Swedish steel maker, SSAB, has developed a process for using hydrogen to make “green steel” instead of coking/metallurgical coal. This can bring down emissions. There has been a collaboration with Vattenfall and the initiative promotes ESG compounding since Volvo has bought the green steel as part of scaling their EV truck ambition,” says Haugland.

SKAGEN would not traditionally invest in a “blue sky” startup with no sales, and only usually have exposure to “future” or “unproven” ESG technology via a pilot within a larger company.

For instance, Canadian Pacific is testing a hydrogen trainset, as part of their long-term science-based decarbonization effort” says Haugland.

This involves hydrogen locomotives and fueling stations. 

Benchmarking, data and reporting  

Some ESG benchmarks, as well as most conventional market-cap weighted indices, have a bias to larger and growth companies and use a predefined ESG framework. SKAGEN does not use ESG benchmarks for performance measurement purposes, but its ESG reports do attempt to qualitatively compare its ESG performance, risks, active ownership and stewardship with Sustainalytics benchmarks. This is not an easy exercise.

ESG data is a babble of many tongues, with a plethora of norms. We see potential conflicts of interest within data providers where Chinese walls are not as good as they could be. Data can use a mix of actual and estimated figures, and may not be consistent. We use third party providers including Bloomberg. We may challenge providers and alert them to improvements, so that disclosures can become more informed,” says Haugland.

We cannot realistically micromanage down to the level of investigating each company’s water intensity metrics. We would like to see some standardization on units of measurement, and metrics, but not on prioritizing disclosures, which is a materiality choice,” says Haugland. 

The EU Sustainable Finance Framework  

Data conundrums and complications are not going to be solved by the SFDR or taxonomy;

The SFDR will increase transparency, but it could also cause confusion for retail clients. A broad ecosystem of norms and best practices, with some of them aspiring to fossil fuel free portfolios. may differ from the SFDR,” Haugland says.

For instance, some asset managers want to exclude gas altogether while others view it as being cleaner than coal or oil and essential for energy transition.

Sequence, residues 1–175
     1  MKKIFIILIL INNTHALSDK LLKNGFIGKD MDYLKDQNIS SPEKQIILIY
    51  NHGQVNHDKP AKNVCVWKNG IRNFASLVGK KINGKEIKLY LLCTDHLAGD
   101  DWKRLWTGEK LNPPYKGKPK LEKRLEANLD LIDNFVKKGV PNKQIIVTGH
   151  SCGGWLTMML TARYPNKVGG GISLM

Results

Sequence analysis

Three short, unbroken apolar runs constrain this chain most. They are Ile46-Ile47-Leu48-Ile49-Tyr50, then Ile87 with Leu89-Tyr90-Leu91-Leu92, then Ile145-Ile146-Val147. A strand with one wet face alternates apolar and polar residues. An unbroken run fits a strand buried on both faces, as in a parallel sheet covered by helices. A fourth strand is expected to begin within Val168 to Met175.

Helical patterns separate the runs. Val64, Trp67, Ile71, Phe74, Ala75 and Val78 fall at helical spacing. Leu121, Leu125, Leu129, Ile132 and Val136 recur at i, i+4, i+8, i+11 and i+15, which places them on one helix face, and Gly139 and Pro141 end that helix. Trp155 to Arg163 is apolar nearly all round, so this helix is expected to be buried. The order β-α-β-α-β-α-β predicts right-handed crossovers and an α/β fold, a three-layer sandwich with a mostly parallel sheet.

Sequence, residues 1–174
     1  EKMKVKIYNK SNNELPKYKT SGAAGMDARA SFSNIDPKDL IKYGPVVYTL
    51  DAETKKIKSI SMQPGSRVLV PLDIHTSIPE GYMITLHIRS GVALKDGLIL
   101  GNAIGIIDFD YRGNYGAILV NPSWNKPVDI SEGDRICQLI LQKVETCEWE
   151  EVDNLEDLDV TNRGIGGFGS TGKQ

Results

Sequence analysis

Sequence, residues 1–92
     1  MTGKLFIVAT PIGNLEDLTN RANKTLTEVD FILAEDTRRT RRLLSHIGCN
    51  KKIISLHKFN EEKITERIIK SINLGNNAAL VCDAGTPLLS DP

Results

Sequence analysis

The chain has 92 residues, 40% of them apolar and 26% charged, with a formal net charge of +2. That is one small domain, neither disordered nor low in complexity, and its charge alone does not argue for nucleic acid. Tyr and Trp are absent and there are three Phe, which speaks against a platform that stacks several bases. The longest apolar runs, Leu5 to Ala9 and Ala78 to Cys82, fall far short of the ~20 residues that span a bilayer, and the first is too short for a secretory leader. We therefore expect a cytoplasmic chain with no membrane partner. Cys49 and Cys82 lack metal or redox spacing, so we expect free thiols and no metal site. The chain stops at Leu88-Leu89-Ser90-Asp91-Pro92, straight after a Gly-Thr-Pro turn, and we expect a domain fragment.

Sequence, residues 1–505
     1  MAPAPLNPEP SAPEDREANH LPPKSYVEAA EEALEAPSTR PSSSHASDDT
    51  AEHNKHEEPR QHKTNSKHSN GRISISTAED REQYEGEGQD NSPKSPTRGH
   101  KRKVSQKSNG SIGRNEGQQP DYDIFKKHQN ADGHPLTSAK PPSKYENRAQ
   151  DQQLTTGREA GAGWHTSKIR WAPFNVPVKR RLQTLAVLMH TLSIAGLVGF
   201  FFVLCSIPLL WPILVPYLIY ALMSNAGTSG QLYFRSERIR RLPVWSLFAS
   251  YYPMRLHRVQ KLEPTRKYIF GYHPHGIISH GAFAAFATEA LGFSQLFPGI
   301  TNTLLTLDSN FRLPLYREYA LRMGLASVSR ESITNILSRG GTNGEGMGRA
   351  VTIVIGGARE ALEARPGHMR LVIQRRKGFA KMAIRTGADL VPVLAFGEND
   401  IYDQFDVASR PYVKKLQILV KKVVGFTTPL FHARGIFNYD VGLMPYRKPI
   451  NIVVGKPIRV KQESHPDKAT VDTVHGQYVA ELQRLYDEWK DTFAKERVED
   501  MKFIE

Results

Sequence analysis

EU SFDR: 6 and 8  

SKAGEN has not offered any products with a broad explicit ESG investment objective mandate, nor any thematic strategies focused on specific areas of ESG.

There are clearly recurring themes around minerals and electric vehicles, but we are not labelling products as thematic,says Haugland. 

SKAGEN’s approach currently fits into some, but not all, aspects of the evolving EU sustainable finance framework. 

Fixed income and multi-manager products are currently reporting under article 6 while awaiting clarity on correctly interpreting some details

Our initial focus has been on the equity funds for two key reasons; the first is a credible pathway to document and evidence an Article 8 categorisation. Assessing this for the fixed income funds in the future is an open and realistic opportunity, the second are  strategic and commercial reasons,” says Haugland.

All of Skagen’s equity strategies are reporting under SFDR article 8.

We find this is integral to good risk adjusted returns, and in line with how we have consistently integrated and developed ESG into our investment process,” says Haugland.  

SKAGEN does not currently have any SFDR article 9 products. “We stick to a pragmatic investment case and know our companies inside and out,” says Haugland. SFDR 9 is one framework for “impact investing”, and SKAGEN is among many asset managers that are cautious on defining their products as impact.

“There are different opinions about whether impact implies a trade off, sacrificing returns for impact. The EU rules might encourage people to talk more impact investing, but the early indications are that most SFDR assets are article 8,” says Haugland.  

Awaiting clarity on the taxonomy  

 SKAGEN has not yet committed to any products that anticipate being aligned with the evolving EU taxonomy, based on current eligibility criteria, and has several concerns about the new rules.

We are waiting to see how the taxonomy develops including for level 2 rules and whether there will be a binding minimum percentage of taxonomy alignment for SFDR. We are concerned about politicization. The taxonomy started being science-based but is now becoming very politicised based on countries’ national energy agendas in areas such as nuclear and gas,says Haugland.

“A prospectus commitment to the taxonomy might rule out some forms of transition investing,” he adds. Valuations are another possible obstacle: “the taxonomy will likely attract capital to certain companies, which could also increase their valuations”. 


Another problem for global investors is the Europe-centric nature of European regulations, which should eventually require larger listed European companies to make the necessary disclosures. Yet it is not clear whether companies outside Europe will be willing to make the required disclosures.

It remains to be seen if European initiatives will scale internationally. There are plans to cooperate with China to harmonise overall Taxonomy purposes,” Haugland concludes.